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Shit man, my restaurant in manhattan got flooded, there still is no power, lost all food and some equipment. I never experienced anything like this in my life, good luck pieface, I hope things get better soon.
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Old 11-02-2012, 12:29 AM   #9
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Being from New Orleans I've seen many storms (an I'm only 23). I've also lived weeks with no power. But where we live everyone is kind of use to it. I couldn't imagine how people that never experienced something like that are reacting. You never realize how we depend on things till you go though it. I was you and your family the best. Good luck to everyone in that part of the country.
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Old 11-02-2012, 12:32 AM   #10
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Originally Posted by Acien70 View Post
Being from New Orleans I've seen many storms (an I'm only 23). I've also lived weeks with no power. But where we live everyone is kind of use to it.


Same here. I grew up in Lafayette.


And in reality, Sandy wasn't even a bad storm, only a Cat 1 at landfall (although it was HUGE). Whats making it seem like a horrible situation is that no one was prepared. Kinda like Katrina, it wasn't a bad storm, but the levees broke and that's what caused the major issues.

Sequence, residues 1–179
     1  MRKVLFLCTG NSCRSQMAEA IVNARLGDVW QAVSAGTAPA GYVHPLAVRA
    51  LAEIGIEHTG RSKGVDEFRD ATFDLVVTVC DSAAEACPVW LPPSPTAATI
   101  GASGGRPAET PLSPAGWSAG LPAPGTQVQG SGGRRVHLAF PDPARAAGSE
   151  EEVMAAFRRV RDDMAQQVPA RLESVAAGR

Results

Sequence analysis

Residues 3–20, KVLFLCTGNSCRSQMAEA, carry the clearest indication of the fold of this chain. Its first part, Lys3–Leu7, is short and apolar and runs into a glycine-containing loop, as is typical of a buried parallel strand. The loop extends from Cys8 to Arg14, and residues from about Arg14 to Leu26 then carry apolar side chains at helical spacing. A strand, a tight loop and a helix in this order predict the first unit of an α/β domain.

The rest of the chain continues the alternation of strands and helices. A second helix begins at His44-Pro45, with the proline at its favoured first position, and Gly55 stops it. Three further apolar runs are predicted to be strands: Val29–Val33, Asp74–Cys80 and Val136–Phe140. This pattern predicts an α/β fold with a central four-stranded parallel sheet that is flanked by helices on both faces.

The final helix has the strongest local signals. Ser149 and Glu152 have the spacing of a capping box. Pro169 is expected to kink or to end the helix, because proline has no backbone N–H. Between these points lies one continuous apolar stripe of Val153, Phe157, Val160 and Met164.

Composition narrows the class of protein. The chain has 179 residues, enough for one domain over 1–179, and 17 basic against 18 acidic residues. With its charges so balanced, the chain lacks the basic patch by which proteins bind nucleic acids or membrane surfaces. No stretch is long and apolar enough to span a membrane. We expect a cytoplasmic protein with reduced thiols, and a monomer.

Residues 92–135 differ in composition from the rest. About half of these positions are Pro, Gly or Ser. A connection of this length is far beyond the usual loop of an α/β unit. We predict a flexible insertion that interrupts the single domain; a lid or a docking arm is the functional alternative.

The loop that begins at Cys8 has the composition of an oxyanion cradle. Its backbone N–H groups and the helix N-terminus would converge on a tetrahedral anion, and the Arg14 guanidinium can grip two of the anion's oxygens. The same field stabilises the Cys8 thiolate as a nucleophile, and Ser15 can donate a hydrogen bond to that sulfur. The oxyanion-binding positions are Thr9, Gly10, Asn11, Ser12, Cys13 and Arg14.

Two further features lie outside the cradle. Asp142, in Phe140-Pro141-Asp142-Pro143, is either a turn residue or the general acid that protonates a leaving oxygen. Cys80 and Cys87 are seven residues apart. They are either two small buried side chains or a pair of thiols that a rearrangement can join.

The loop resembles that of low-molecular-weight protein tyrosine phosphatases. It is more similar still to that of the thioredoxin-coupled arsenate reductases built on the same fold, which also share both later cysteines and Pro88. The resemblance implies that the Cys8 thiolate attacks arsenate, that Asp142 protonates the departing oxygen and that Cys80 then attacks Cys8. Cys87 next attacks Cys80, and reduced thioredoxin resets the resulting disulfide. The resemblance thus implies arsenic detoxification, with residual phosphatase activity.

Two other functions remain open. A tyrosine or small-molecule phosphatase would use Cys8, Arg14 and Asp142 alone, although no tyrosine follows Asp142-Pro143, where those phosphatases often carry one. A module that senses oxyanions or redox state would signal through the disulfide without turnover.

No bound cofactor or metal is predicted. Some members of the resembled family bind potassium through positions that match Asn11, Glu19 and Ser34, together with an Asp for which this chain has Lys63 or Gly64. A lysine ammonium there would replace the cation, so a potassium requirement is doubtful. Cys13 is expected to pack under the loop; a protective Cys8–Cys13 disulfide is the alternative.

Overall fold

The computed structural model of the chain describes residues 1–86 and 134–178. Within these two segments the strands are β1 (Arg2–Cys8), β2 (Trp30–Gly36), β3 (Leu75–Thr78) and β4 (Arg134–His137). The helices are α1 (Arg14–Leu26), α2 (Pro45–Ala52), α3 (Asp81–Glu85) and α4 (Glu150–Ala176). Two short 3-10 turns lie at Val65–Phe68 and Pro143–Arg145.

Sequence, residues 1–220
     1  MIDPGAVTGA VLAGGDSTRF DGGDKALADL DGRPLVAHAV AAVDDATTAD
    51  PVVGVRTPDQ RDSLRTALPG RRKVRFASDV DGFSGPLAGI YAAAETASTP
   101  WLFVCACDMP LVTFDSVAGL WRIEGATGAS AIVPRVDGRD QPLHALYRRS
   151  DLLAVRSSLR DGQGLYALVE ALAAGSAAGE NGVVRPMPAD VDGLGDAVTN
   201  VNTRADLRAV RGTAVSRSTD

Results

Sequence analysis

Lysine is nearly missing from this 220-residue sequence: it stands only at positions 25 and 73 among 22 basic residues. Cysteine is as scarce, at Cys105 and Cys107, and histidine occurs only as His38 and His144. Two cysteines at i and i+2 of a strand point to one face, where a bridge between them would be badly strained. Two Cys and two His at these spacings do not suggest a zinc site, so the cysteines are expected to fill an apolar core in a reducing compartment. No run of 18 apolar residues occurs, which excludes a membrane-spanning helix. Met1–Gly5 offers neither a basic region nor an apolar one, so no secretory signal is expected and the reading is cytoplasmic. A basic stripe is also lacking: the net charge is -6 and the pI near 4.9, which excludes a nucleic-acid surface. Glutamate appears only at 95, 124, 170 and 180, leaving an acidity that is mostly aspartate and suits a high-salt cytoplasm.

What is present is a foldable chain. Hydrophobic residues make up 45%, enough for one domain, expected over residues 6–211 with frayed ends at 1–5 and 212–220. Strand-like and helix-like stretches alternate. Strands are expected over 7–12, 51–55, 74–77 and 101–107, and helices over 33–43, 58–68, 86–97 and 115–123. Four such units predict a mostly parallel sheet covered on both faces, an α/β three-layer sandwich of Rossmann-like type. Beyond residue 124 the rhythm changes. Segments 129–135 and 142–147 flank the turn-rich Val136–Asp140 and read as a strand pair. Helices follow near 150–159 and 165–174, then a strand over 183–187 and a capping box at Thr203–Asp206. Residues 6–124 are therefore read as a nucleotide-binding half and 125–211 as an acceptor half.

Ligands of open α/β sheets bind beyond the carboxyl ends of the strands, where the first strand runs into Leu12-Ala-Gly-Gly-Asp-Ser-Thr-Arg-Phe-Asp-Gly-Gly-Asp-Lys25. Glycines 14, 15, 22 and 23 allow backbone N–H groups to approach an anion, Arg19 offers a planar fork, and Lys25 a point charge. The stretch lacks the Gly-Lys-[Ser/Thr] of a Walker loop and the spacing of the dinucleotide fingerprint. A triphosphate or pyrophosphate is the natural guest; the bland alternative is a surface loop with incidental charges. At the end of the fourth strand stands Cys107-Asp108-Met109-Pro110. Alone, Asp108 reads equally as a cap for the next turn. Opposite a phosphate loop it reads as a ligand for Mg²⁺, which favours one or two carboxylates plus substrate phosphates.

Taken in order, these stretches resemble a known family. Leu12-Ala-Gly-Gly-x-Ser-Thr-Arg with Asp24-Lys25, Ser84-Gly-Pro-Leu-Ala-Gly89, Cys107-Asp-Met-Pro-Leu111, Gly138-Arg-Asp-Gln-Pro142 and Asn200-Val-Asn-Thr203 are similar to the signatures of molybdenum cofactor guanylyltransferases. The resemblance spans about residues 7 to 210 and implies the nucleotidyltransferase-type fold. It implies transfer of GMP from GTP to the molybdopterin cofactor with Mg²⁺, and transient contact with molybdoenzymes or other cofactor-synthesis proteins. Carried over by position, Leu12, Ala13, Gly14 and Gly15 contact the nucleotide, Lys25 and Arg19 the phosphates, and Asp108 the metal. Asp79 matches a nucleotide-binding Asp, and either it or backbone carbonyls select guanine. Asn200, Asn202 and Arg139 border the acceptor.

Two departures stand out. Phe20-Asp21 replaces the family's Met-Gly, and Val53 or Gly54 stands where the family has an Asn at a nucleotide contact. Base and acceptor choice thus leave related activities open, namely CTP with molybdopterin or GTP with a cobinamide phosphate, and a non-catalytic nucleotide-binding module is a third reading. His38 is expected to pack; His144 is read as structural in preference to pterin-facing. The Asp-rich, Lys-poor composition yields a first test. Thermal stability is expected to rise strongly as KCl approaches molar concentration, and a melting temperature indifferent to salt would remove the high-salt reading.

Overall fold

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Old 11-02-2012, 08:02 AM   #11
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My Cousin got in last night from New Jersey. His wife and kids were a bit dazed from it all. They live in a fairly nice area, pretty expensive homes in a valley between to small ranges of hills. That pretty much protected them and their home. They said coming off the hill and into town the scene totally changed. They said it looked like a war zone. Trees down everywhere, electric lines everywhere. They could see the that roads were made partially passible, but they still had to go off the road to get around some things.

My cousin said they would have been fine if they would have had a generator. That is one thing they are looking for while they are here.

Tough to find right now as people even in this are bought out stores that had generators, batteries, and flashlights, only to find out they didn't need them. In this area, we had less than 5000 without power.
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Old 11-02-2012, 08:48 AM   #12
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I live on long island very close to water. Lost our basement and 3 cars. I have friends who live right on the water who are now homeless. Ive been thinking of a bug out bag since this happened. Add a generator and a ton of gas to that list. Finding gas or a generator around here is like a life or death fight. I wish i had a 55 gal drum at least filled half way with gas. Add a syphon kit as well. My jeep is fucked so i plan on sucking the gas out so we can keep using our generator. Power might not be back for another week. Almost every block has a power line down. Its rough out here on the island right now. This is like fall out status here